Arthur Rimbaud and May '68

On Thursday 8 May 2008 the author of this website, Sebastian Hayes, gave a talk on the French nineteenth century poet, Arthur Rimbaud, at Conway Hall, Red Lion Square, London. Since there was to be a commemoration of the 1968 Paris ‘Student Revolution’ on the following Saturday at the same venue, the author angled his talk with this in mind.

Sebastian Hayes started by stating in advance that, considering the audience and the moment in time, he was not going to emphasize the specifically literary importance of Rimbaud, or his command of style, though these matters were briefly dealt with in his essay Rimbaud Revisited 1968 — 2006 which appears in his recent book, Arthur Rimbaud’s Une Saison en Enfer, A New Translation with Notes (available online from http://www.brimstonepress.co.uk). However, he did want briefly to disperse two myths, firstly that there was anything particularly remarkable in Rimbaud destroying his early work, and, secondly, that Rimbaud had a sensational sex life (as one might perhaps imagine from the recent film).

As to the first, Sebastian Hayes pointed out that it is not rare for young authors to destroy part or all of their work, either through genuine distaste, disappointment concerning publication or as a ploy to gain attention. The author himself destroyed all his writings, including Diaries, and all the books he had with him in a bonfire when he was about twenty-eight — a volume of Arthur Rimbaud and the novelette Manon Lescaut were the only books to escape the auto-da-fe. A university friend of the author, Ian Watson, informed us one day that he, likewise, had burned all his poems. What is remarkable in the case of Rimbaud is the quality of the work destroyed (or left forgotten by him) and the subsequent resolve of the writer : Rimbaud never went back to literature after his nineteenth year and even stopped reading poetry and fiction. In a letter to his mother from North Africa, the older Rimbaud confessed that “if I had a son I would want him to become an engineer, not an artist” and when Delahaye, a schoolfriendof Rimbaud’s dared to ask him if he still did any writing, Rimbaud looked at him “as if I had asked him if he still played with a stick and hoop” (Delahaye).

 Far from leading an extravagant sexual life, Rimbaud as an adolescent was shy with girls and is only known to have had one long-standing relation with a woman, Argoba, an Ethiopian girl in Harar. Argoba was not ‘noble savage’ like Gauguin’s Tahitian mistresses : she dressed in European clothes, was a Catholic and liked smoking cigarettes! In Sebastian’s opinion, Rimbaud’s celebrated liaison with the French poet Verlaine was much more of an emotional than a sexual affair, and there is no evidence whatsoever that Rimbaud had any other homosexual relations. Rimbaud can certainly be claimed as a pioneer of the ‘sexual liberation’ of the Sixties but, like Moses, he never entered the Promised Land himself. (One wonders what he would make of the scene today — not much I reckon.)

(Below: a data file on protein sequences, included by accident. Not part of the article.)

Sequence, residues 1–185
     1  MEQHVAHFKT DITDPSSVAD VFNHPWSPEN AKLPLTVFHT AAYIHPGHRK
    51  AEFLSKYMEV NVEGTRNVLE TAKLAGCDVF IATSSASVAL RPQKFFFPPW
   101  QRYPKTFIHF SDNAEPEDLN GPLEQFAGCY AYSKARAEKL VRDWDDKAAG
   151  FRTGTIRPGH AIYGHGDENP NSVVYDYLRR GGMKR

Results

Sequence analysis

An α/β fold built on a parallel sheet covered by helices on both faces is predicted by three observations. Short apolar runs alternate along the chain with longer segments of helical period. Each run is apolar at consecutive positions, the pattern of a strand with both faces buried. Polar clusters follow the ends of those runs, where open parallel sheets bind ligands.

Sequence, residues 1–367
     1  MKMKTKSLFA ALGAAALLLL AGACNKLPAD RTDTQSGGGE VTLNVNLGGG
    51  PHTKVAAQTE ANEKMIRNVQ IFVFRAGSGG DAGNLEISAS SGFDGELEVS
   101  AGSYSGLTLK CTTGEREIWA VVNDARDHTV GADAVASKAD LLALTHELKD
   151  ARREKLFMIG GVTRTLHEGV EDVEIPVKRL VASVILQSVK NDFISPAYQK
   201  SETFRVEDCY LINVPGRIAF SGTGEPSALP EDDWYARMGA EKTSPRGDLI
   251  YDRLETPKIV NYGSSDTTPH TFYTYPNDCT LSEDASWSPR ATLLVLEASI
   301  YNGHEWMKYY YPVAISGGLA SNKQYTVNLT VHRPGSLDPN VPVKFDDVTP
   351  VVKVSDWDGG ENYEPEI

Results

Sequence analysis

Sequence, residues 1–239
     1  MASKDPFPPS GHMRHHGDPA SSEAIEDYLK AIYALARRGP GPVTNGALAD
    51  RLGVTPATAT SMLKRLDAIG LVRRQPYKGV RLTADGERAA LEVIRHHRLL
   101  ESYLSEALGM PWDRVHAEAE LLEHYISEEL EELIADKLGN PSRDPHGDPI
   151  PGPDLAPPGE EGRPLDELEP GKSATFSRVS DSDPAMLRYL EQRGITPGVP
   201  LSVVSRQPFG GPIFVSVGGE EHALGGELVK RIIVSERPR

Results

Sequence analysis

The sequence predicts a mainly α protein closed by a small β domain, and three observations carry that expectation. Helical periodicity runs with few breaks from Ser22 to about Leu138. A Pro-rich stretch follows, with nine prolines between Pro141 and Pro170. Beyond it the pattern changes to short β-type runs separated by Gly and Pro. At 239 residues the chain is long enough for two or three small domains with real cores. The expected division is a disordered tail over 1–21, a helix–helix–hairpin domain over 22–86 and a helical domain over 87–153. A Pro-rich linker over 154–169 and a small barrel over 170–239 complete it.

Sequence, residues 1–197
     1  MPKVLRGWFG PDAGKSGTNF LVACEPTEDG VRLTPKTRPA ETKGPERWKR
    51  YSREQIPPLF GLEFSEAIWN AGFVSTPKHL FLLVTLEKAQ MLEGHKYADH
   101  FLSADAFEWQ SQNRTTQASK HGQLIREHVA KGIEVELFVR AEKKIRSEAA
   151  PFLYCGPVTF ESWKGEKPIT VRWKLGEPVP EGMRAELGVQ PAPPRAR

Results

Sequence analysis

The author went on to say that Rimbaud’s main preoccupation, not to say obsession, was to find a way of ‘changing the world’ by some sort of total revolution which would not only be social and political but also individual, psychological and cultural. (The English equivalent is Blake.)  Une Saison en Enfer (A Season in Hell), Arthur Rimbaud’s most important work, is the record of the total collapse of such  utopian hopes. The rest of Rimbaud’s life was miserable : “It is as if, once he had renounced the idea of being a ‘damned soul’, he became instead a ‘damned man’ “(Rimbaud Revisited, p. 62).

The author then made the connection with May ’68 in France, the West’s longest General Strike and France’s ‘Cultural Revolution’. It was a thoroughly Rimbaudian movement, so much so that when the author (who was living in Paris at the time) came across slogans such as ‘Prenez vos desirs pour des realites’ (‘Consider your desires to be realities’) and ‘La revolution sera une fete ou ne sera pas’ (‘The revolution will be a festival or will not take place at all’), he actually wondered if they were not taken from some recently discovered manuscript of Arthur Rimbaud. But no, they came from the Situationnists, Guy Debord mainly. The May ’68 movement had an absolute quality ‘Ce que nous voulons — tout!’ (‘What do we want ? Everything !’) that the adolescent Rimbaud would have thoroughly approved of, and the Rimbaud of Une Saison en Enfer would have equally thoroughly rejected as megalomania.

The author said, or to be more precise intended to say to his largely Left-wing audience, that it would have only been too easy for him, as a ‘veteran of May ’68’ to say what a great moment in time it had been and “if only we could recover that spirit again”. But, as it happens, the author had very mixed feelings about May ’68 and the social and political movements of the Sixties generally even at the time. Their legacy long-term effect on the West has been largely bad, not to say disastrous. Never perhaps has there been a decade which promised so much and delivered so little. The cultural legacy has been narcissism, irresponsiblity, amorality, superficiality and self-centredness. The Sixties movements were a rebellion without a cause. But if you want to change the world you must have a cause, and you must make some attempt to translate this cause into reality within your own personal life.

Sebastian Hayes concluded by saying that ‘revolutionary’ movements in the West since May ’68 have failed completely for two reasons : 1. the revolutionaries have largely lost contact with the working class (half the time they can’t be bothered to work and live on the dole), and 2. there is a complete lack of any coherent moral or ethical perspective. Those who consider themselves revolutionaries must show people that there is ‘another way to live’, something different from the present materialistic, selfish life-style spreading across the globe. The roots of contemporary irresponsibility and selfishness do not lie in the Thatcher era but should be traced right back to the Sixties themselves and, if not to May ’68 itself (which was idealistic in style and aims) at least to its immediate aftermath.